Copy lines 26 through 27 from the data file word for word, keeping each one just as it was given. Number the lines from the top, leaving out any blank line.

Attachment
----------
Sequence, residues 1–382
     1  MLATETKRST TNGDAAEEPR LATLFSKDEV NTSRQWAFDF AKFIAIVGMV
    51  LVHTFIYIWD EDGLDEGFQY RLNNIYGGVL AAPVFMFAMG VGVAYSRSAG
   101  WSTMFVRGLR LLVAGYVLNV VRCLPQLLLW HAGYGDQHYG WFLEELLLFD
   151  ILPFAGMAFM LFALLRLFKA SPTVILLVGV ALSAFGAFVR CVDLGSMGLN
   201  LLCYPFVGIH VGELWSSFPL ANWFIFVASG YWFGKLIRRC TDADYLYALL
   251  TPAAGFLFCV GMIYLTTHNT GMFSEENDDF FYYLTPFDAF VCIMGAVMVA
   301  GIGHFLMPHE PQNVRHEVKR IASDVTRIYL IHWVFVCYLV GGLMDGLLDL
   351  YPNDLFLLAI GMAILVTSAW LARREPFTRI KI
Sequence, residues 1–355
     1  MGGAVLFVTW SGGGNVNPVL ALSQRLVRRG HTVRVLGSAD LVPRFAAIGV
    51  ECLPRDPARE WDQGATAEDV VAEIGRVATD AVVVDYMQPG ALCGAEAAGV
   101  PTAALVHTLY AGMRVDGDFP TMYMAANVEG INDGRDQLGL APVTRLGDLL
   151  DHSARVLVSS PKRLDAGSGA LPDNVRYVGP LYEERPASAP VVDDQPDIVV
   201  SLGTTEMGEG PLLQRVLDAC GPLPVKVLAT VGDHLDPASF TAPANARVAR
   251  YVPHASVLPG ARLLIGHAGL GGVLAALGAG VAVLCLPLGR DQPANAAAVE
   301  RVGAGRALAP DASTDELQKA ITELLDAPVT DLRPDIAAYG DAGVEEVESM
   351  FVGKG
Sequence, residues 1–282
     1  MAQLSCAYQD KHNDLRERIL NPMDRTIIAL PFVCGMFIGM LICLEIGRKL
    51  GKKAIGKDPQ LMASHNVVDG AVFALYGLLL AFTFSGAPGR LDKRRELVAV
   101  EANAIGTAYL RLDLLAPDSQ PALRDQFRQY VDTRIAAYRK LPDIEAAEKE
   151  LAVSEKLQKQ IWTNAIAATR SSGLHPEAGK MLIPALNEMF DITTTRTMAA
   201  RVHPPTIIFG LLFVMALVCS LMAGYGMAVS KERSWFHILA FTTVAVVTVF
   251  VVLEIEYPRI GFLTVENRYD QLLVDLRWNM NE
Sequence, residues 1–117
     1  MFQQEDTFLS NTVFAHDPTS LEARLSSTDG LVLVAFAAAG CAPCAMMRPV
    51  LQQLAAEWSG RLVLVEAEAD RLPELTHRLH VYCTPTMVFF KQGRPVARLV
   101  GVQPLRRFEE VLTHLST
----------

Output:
Sequence, residues 1–117
     1  MFQQEDTFLS NTVFAHDPTS LEARLSSTDG LVLVAFAAAG CAPCAMMRPV